Messages posted to thread:

Vineeta17-Dec-01 03:33 PM EST 3a   
Linda17-Dec-01 10:31 PM EST   
vineeta19-Dec-01 09:49 AM EST   
Linda22-Dec-01 08:53 PM EST   
Susan23-Dec-01 02:35 PM EST 6a   

Subject: Preparing the lawn
From: Vineeta
Zone: 3a
Date: 17-Dec-01 03:33 PM EST


I have no idea of outdoor gardenning. What is a flowerbed? Unlike the backyard, how to prepare the frontyard (of a house being built) which is supposed to be a lawn into a land where i would like to grow different kinds of flowers (beside grass necessary for lawn)? Please help.

Thanks, Regards.

Subject: RE: Preparing the lawn
From: Linda
Date: 17-Dec-01 10:31 PM EST

A flowerbed is where you will plant your flowers or shrubs.

Place approx. 6 inches of top soil over the soil left when they finish building. Roll it flat and smooth and place sod on top. Keep it wet enough for the roots to grow into the soil.

Your flowerbeds should have at least 8 in of top soil.

Look through past articles and you will find lots of information. Have fun learning.

If you don't like gardening but feel you must - plant grass, trees and flowering shrubs.

Subject: RE: Preparing the lawn
From: vineeta
Date: 19-Dec-01 09:49 AM EST

Hi Linda,

Thanks for your help. I'll surely check the last issues. But, can u please tell me something that i'm not sure about; Can we prepare a flowerbed in the space for lawn? e.g. if i want to plant Poinsettia in front of my house, should i have to prepare a lawn according to the tradition (with grass) and then dig-up rows to plant the trees? Or, can i plant the trees in some spaces and then place the grass for lawn around them and in the rest of the space?

If there are flowery trees only in my lawn instead of grass, does it look bad?

Thanks, Regards.

Subject: RE: Preparing the lawn
From: Linda
Date: 22-Dec-01 08:53 PM EST

Many people are going with a grassless yard. Some look wonderful. Look at a number before trying this yourself.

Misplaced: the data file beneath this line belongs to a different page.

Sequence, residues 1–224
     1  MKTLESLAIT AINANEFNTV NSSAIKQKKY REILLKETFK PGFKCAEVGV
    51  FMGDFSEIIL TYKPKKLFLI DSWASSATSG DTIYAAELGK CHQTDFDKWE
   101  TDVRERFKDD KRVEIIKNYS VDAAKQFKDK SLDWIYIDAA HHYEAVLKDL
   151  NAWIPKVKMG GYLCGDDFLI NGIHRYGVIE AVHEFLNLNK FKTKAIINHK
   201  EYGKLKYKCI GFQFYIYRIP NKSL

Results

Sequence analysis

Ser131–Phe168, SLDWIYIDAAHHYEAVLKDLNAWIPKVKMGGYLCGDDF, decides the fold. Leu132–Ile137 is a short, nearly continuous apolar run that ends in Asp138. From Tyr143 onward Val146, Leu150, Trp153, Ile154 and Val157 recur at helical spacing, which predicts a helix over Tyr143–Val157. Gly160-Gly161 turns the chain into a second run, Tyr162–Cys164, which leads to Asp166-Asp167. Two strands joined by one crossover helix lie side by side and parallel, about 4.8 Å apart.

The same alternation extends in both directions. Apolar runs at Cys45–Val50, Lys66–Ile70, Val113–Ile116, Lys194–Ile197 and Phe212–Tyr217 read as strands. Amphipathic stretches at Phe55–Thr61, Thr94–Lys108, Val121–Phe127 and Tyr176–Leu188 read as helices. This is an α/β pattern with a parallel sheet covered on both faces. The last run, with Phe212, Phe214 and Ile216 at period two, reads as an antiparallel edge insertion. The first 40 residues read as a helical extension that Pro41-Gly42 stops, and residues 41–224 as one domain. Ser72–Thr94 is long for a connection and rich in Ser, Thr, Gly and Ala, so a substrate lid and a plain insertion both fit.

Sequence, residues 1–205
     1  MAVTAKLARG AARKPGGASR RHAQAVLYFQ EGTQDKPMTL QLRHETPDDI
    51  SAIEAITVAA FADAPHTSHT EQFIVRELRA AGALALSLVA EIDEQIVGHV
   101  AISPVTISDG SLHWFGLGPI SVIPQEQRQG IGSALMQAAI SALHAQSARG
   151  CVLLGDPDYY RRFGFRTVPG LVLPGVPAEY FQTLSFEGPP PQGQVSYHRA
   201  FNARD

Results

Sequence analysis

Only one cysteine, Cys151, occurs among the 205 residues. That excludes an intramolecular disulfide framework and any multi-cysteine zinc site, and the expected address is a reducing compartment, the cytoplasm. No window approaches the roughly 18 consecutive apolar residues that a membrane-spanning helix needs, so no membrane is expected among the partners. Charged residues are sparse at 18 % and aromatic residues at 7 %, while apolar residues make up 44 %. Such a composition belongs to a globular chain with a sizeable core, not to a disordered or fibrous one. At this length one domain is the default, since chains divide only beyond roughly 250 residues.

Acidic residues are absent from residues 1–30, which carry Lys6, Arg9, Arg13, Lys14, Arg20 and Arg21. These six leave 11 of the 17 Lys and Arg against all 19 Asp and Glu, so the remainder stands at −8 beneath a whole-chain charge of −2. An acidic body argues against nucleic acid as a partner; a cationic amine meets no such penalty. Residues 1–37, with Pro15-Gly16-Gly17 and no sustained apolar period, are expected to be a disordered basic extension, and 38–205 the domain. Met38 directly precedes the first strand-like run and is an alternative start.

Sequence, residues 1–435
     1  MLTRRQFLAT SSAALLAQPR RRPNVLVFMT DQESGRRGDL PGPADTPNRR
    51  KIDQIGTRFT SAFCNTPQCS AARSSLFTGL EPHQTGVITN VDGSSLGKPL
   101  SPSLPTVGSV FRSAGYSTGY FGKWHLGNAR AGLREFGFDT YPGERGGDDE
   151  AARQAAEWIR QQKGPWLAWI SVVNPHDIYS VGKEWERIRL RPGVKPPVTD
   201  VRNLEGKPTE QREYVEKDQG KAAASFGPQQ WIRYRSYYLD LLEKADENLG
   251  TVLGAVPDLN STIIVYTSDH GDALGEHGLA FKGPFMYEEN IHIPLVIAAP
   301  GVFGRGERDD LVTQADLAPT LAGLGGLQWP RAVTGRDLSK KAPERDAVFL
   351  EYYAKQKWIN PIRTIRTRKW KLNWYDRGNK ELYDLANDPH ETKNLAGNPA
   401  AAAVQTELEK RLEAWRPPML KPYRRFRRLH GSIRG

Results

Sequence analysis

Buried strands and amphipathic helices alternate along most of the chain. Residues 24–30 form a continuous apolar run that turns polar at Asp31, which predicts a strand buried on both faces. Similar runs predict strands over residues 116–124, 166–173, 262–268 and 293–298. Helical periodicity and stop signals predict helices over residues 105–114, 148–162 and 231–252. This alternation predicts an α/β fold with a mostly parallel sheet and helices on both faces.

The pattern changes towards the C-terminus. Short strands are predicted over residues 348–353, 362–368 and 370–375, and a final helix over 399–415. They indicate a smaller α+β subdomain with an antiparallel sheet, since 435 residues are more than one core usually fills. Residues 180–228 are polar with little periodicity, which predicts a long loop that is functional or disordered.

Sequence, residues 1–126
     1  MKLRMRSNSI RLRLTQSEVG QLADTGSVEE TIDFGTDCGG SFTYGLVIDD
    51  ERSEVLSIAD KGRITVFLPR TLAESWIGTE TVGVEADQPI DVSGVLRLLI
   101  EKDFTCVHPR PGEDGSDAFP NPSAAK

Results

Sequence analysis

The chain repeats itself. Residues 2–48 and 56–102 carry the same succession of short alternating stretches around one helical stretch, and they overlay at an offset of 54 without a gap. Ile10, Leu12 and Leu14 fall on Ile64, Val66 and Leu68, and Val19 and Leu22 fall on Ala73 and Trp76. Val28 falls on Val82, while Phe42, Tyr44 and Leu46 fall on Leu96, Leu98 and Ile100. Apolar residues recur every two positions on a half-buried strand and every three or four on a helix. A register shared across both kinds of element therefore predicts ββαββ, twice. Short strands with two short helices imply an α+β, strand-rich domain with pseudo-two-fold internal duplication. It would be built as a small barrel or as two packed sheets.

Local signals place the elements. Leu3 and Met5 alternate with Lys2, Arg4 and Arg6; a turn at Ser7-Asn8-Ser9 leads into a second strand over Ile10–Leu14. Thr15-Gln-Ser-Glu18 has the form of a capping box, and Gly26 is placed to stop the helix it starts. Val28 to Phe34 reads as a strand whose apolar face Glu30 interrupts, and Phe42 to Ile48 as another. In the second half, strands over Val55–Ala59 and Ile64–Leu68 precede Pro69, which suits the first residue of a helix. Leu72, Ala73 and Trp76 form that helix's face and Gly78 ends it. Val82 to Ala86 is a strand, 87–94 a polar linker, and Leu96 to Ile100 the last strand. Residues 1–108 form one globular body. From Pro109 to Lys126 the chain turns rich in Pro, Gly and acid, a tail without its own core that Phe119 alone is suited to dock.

Trees, shrubs and perennial beds usually have deedper top soil than the lawn does.

Hope this answers the questions.

Type lawn in the search button and see what other information is available.

Subject: RE: Preparing the lawn
From: Susan
Zone: 6a
Date: 23-Dec-01 02:35 PM EST

You mentioned planting poinsettias - are you aware that in this climate (including your area of Michigan) that poinsettias are indoor houseplants? They can go in the garden for the summer but must be brought back in for the winter or else they will be killed by the cold.

Further to Linda's comments, if you have no grass yet, you can prepare the beds for perennials, shrubs and trees and then lay the sod and/or seed the grass in the areas where you want lawn. You do not have to create lawn and then remove it again...

As Linda says, grassless lawns are beoming popular in many areas, but more 'conventional' neighbors sometimes don't like it (at first at least...) If you have a small yard in particular, it can be a good way to have lots of interesting garden plants though, so if you like the idea, go for it! Groundcovers under tres and shrubs can make an interesting alternative to a lawn - no mowing required, although weeding will be necessary, particularly in the first year. What would make a suitable groundcover will depend on things like the amount of sun the area gets and how moist or dry it is. Evergreen goundcovers can provide winter interest. You have to be careful what you choose though because some groundcovers can be invasive and get into areas where you don't want them to...

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